Now that I’ve got your attention… sorry; I hate the words ‘stage combat’! There I said it out loud! To be clear: I don’t hate stage combat. I have just come to dislike the assembly of these two words together used in a common theatrical language to express an art form I believe is so much deeper. Why the dislike I hear you ask?
I believe there is lack of depth that the words ‘stage combat’ offers to truly grasp what is going. By ‘going on’: I mean in terms of the actor's learning and the way in which it is viewed. When conducting a stage combat class, the first thing I will ask the participants is: What are they here to learn? I do this before I use the words stage combat. This question usually elicits responses like: fake fighting and pretend punching. It’s these types of responses that undo the work that has been going on for the last 20 years to develop the art that are hard to stomach. That said – I get it. It’s not real! So, it’s fake and pretend.(watch this spot for a further blog on this)
Some of our practitioners have tried to rebrand it over the years. Staged Combat, Theatrical Fighting, Theatrical Aggression and Acted Aggression just to name a few. But for me none of them really get to the heart of what the art form truly encompasses. To the lay person these two words also negate other areas in our field like; physical comedy, domestic violence, sexual attacks and even some broader uses of what we bring to the table as practitioners in terms of movement.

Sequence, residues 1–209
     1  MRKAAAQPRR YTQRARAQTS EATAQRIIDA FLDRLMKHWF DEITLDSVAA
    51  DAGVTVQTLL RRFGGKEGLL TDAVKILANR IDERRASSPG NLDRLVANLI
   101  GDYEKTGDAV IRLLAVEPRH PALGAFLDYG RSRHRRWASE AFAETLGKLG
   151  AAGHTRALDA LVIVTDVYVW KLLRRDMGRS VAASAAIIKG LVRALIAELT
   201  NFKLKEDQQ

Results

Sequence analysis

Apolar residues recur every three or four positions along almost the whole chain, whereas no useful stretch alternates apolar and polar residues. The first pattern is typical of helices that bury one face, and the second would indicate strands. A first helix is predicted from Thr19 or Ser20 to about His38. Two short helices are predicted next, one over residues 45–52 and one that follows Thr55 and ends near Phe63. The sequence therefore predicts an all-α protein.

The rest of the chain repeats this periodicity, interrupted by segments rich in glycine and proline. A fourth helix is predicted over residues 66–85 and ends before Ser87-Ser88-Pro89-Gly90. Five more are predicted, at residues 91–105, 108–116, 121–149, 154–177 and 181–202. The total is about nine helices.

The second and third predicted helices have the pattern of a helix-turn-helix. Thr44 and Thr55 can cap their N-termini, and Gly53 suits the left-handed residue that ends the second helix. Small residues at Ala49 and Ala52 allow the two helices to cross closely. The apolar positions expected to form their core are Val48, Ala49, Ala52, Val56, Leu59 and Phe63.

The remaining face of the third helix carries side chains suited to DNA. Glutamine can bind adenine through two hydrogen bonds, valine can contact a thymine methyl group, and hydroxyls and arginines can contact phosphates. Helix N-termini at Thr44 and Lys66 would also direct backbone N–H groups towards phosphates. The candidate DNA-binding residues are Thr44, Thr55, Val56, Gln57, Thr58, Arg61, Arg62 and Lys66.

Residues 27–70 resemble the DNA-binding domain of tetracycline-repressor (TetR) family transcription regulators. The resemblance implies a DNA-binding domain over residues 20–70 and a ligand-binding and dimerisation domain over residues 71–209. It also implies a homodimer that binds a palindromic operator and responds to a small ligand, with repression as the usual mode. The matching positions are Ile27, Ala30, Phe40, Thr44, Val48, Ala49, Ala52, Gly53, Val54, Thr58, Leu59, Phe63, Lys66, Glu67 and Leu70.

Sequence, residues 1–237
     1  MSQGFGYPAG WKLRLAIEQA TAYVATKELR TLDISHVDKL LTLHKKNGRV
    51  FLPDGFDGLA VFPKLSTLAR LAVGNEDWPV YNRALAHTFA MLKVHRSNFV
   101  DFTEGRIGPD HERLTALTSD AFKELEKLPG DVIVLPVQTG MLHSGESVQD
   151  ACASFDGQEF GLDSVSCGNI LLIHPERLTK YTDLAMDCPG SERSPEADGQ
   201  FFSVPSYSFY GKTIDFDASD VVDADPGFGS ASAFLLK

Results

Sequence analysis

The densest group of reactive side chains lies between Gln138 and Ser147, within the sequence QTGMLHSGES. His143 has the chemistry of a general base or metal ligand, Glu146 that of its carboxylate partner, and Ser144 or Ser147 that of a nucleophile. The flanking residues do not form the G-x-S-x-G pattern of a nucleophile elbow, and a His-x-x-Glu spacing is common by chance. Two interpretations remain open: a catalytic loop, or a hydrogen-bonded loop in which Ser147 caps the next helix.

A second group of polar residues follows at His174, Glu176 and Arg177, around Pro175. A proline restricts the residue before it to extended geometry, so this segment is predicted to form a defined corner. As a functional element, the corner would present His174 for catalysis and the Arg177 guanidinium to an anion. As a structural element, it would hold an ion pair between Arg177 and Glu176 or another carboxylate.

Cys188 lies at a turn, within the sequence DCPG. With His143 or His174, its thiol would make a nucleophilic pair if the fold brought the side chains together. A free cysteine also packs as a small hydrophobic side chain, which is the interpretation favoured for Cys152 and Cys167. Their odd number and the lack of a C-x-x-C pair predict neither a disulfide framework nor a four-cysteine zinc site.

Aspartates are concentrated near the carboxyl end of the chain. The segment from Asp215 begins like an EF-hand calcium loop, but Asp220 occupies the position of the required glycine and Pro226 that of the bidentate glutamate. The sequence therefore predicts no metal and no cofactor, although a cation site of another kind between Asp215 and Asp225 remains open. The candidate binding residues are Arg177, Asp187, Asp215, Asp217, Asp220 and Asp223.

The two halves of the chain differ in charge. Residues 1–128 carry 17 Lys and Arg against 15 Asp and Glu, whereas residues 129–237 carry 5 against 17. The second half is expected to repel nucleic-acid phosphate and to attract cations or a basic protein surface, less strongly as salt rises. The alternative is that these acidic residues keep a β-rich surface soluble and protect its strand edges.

All that said I don’t know what the answer is and given how much traction the words have gained over the last 50 years I guess we are destined to live with them now. But it highlights that we as practitioners have a duty of care. We have become guardians for the continued education of the broader context for these two words and the responsibility for their greater understanding.